Climate researchers to world: Wake the hell up

Scientific evidence supporting the Environmental Protection Agency’s 2009 Endangerment Finding for greenhouse gases is even stronger and more conclusive now, according to a new study published today in the journal Science. This finding could strengthen challenges to proposed efforts to rollback emissions standards and carbon emissions regulations in the United States.

In the landmark Endangerment Finding the EPA determined that greenhouse gases endanger public health and welfare, which created a legal obligation for the agency to regulate greenhouse gases emissions under the Clean Air Act. The Science paper comes three months after a senior Republican senator said that the Trump Administration might still try to repeal the landmark decision.

“There is no question that public health and welfare are endangered by climate change and we know that with much more confidence now than we did in 2009,” said Stanford Woods Institute for the Environment Director Chris Field, who jointly led the study with fellow Stanford climate scientist Noah Diffenbaugh and Philip Duffy, president of the Woods Hole Research Center. The Science paper includes 16 authors from 15 different research institutions. It assesses how the scientific evidence has changed in the nine years since the finding was issued, with a specific focus on climate change impacts for public health, air quality, agriculture, forestry, water resources, sea level rise, energy, infrastructure, wildlife, ocean acidification, social instability, and the economy.

The paper examines each topic covered by the Endangerment Finding and characterizes changes since 2009 in terms of evidence of links to anthropogenic climate change, severity of observed and projected impacts, and new risks.

“For each of the areas addressed in the [Endangerment Finding], the amount, diversity, and sophistication of the evidence has increased dramatically, clearly strengthening the case for endangerment,” according to the paper.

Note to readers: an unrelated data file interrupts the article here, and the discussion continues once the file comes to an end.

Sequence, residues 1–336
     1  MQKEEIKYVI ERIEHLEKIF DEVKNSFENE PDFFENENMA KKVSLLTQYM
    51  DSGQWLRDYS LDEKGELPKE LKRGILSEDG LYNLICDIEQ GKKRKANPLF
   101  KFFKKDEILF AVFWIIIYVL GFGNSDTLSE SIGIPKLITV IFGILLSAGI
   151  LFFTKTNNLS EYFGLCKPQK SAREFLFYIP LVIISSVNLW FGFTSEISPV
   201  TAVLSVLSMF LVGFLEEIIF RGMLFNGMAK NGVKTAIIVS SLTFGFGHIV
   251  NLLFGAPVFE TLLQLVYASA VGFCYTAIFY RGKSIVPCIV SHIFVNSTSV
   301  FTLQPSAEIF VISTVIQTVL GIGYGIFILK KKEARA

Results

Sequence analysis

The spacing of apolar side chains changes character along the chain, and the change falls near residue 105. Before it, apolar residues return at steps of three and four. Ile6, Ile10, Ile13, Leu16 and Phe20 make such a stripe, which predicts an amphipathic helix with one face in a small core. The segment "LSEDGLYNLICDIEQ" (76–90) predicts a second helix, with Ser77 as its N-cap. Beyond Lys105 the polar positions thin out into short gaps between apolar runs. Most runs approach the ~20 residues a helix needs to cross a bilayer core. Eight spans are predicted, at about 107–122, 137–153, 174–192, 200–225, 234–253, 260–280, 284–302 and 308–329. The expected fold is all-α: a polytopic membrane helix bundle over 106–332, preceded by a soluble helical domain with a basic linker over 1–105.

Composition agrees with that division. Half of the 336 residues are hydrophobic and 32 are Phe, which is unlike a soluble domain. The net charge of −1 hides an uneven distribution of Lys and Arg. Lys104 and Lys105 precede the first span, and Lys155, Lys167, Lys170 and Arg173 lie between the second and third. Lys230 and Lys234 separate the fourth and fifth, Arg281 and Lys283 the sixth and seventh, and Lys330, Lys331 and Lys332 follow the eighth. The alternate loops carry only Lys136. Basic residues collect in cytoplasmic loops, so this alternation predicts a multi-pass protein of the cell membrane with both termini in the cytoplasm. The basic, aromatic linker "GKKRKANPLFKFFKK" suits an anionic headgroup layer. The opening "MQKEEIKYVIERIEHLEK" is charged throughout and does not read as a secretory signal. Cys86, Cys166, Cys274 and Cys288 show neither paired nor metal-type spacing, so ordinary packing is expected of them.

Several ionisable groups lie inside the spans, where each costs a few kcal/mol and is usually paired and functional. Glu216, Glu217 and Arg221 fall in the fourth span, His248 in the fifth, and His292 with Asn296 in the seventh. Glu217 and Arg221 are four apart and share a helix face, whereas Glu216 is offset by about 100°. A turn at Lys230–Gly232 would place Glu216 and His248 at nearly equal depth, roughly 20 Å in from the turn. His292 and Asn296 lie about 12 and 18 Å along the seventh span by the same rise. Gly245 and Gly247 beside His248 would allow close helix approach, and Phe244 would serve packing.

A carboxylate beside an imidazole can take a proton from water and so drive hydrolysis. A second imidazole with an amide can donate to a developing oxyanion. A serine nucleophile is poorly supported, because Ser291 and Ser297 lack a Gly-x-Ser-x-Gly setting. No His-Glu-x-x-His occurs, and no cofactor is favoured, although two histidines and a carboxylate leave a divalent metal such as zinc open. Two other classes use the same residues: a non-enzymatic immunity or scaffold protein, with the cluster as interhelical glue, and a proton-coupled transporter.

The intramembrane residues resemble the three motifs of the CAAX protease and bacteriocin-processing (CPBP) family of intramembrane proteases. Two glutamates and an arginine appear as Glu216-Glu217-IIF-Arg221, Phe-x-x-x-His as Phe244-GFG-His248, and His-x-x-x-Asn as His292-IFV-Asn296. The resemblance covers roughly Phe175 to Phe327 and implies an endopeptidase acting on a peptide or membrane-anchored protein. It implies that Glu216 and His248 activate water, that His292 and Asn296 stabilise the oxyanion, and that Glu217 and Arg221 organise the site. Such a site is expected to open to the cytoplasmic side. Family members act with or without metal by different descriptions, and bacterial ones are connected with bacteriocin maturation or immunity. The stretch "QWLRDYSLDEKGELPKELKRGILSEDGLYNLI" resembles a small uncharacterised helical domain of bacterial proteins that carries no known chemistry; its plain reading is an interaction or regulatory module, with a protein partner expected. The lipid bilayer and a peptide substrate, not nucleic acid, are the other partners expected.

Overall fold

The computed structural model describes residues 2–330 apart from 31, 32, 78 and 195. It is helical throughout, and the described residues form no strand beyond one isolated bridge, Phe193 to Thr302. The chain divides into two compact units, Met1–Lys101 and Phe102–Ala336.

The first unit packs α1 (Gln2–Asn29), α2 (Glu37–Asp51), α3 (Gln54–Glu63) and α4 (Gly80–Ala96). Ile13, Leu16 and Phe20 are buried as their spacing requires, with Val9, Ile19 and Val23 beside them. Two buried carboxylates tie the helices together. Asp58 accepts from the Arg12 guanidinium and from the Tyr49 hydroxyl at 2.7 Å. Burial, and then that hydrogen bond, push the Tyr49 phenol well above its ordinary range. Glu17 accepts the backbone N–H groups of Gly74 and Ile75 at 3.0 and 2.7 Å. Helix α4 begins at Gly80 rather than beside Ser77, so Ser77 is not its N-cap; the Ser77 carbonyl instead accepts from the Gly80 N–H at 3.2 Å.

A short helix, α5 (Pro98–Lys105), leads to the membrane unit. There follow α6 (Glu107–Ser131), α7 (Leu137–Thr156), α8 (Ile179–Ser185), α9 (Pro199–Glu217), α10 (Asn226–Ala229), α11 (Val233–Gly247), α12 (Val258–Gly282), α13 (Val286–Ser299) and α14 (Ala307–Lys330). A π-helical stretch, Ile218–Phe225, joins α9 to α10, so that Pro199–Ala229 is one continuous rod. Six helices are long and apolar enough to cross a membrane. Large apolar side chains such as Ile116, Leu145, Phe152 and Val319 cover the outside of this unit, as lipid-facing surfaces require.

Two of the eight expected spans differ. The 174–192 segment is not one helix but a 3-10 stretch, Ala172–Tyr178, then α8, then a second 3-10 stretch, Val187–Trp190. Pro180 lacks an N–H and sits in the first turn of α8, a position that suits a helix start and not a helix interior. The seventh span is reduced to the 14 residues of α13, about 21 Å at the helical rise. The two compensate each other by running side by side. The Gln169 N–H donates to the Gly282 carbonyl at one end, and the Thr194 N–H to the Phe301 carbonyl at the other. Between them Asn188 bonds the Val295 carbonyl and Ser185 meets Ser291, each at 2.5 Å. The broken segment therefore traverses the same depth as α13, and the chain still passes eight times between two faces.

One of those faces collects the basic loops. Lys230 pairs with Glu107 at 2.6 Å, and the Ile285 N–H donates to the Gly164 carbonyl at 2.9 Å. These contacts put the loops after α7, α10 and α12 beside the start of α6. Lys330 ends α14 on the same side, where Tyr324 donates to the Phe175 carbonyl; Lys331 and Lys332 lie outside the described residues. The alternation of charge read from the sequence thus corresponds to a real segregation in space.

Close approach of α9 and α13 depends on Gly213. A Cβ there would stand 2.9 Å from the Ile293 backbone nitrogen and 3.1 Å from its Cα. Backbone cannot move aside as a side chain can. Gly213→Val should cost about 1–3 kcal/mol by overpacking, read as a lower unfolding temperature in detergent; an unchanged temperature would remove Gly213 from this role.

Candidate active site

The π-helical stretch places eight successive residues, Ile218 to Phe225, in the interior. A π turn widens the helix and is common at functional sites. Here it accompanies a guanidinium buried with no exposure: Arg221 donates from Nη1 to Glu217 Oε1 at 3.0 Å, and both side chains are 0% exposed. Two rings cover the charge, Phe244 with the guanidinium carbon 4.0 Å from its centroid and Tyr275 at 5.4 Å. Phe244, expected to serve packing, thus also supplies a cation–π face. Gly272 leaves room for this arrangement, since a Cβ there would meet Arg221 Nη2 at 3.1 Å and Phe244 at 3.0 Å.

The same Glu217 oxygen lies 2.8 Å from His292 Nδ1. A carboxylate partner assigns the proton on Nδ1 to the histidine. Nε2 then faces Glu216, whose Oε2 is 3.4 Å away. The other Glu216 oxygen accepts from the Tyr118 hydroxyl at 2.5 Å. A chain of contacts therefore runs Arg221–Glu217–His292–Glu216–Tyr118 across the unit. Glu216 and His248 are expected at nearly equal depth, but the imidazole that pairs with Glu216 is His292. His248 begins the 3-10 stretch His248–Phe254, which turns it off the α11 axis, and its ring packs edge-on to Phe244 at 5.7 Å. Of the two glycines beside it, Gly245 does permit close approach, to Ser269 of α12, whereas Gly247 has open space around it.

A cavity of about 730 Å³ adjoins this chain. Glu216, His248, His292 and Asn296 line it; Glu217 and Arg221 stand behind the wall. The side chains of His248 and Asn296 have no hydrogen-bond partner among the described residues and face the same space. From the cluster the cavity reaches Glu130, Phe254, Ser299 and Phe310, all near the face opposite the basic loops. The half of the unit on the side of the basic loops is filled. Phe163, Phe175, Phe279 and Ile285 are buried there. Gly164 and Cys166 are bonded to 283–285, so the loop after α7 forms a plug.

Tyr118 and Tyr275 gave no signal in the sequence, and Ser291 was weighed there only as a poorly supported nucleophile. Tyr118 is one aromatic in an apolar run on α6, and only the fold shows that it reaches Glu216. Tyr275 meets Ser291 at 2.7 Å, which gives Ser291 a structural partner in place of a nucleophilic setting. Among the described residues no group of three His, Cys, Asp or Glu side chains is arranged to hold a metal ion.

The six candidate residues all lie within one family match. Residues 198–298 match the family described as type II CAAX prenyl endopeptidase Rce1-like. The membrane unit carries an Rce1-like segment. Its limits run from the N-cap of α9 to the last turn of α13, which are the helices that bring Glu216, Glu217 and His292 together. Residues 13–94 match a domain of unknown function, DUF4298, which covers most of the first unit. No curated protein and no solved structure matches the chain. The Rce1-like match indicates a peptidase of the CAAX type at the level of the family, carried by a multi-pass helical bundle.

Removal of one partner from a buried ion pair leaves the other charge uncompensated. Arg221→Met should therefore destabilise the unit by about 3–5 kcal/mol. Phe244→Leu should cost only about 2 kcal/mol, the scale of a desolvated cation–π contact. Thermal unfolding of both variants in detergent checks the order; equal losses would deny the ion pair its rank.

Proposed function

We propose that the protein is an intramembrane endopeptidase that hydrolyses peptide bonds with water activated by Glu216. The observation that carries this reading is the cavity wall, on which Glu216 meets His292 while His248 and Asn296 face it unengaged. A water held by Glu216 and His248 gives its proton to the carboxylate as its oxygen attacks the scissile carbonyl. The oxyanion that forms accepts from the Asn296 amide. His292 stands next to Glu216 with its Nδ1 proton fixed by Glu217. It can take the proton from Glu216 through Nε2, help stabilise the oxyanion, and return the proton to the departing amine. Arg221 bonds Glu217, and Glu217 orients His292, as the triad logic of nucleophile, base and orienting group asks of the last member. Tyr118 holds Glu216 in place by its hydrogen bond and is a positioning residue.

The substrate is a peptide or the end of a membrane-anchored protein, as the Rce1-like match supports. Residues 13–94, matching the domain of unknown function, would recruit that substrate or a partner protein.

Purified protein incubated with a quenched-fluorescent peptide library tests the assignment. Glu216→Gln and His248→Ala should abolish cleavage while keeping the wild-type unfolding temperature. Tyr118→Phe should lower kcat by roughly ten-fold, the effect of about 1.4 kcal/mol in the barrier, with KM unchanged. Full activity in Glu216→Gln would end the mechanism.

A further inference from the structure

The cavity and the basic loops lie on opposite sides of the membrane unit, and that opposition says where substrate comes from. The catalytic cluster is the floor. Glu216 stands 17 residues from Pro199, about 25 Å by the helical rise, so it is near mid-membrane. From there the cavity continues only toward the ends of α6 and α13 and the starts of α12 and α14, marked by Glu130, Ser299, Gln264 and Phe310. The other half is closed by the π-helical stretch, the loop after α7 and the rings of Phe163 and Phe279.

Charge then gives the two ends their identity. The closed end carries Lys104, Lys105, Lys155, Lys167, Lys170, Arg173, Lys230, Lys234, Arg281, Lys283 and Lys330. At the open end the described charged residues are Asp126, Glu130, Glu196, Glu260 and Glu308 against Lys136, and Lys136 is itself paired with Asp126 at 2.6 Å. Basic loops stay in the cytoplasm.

The study expands the range of negative impacts from climate change beyond those listed in 2009 to include increased dangers from ocean acidification, effects on national security and economic well-being, and even threats from violence.

“Much of what we’ve learned since the original Endangerment Finding in 2009 arises from extreme events,” said Diffenbaugh, the Kara J Foundation Professor of Earth System Science at Stanford’s School of Earth, Energy & Environmental Sciences and Kimmelman Family Senior Fellow at the Stanford Woods Institute for the Environment. “Our understanding of how global warming influences the odds of heat waves, droughts, heavy precipitation, storm surge flooding, and wildfires has increased dramatically in the last decade, as has our understanding of the related impacts, such as how hot conditions affect mental health, violence, and economic productivity.”

The Endangerment Finding was the focus of  a panel discussion at the recent Global Climate Action Summit in San Francisco where several Stanford scholars shared their perspectives on the evidence surrounding broader impacts of climate change. The findings of this new study reinforce previous studies on the dangers of climate change related impacts including the Fourth National Climate Assessment released by the federal government last month.

“When the Endangerment Finding was issued, the evidence supporting it was extremely compelling,” Duffy said. “Now, that evidence is even stronger and more comprehensive. There’s no scientific basis for questioning the endangerment finding.”

For more information on this study, read the Woods Institute for the Environment’s research brief summarizing the findings.

Also this:

A new study, published this week in the journal Science by a University of Virginia environmental scientist and colleagues at other academic organizations, has found that evidence supporting the Environmental Protection Agency’s 2009 “endangerment finding” for greenhouse gases is even stronger and more conclusive in the changing climate of today.

The finding could strengthen challenges to proposed rollbacks of emissions standards and carbon emissions regulations in the United States.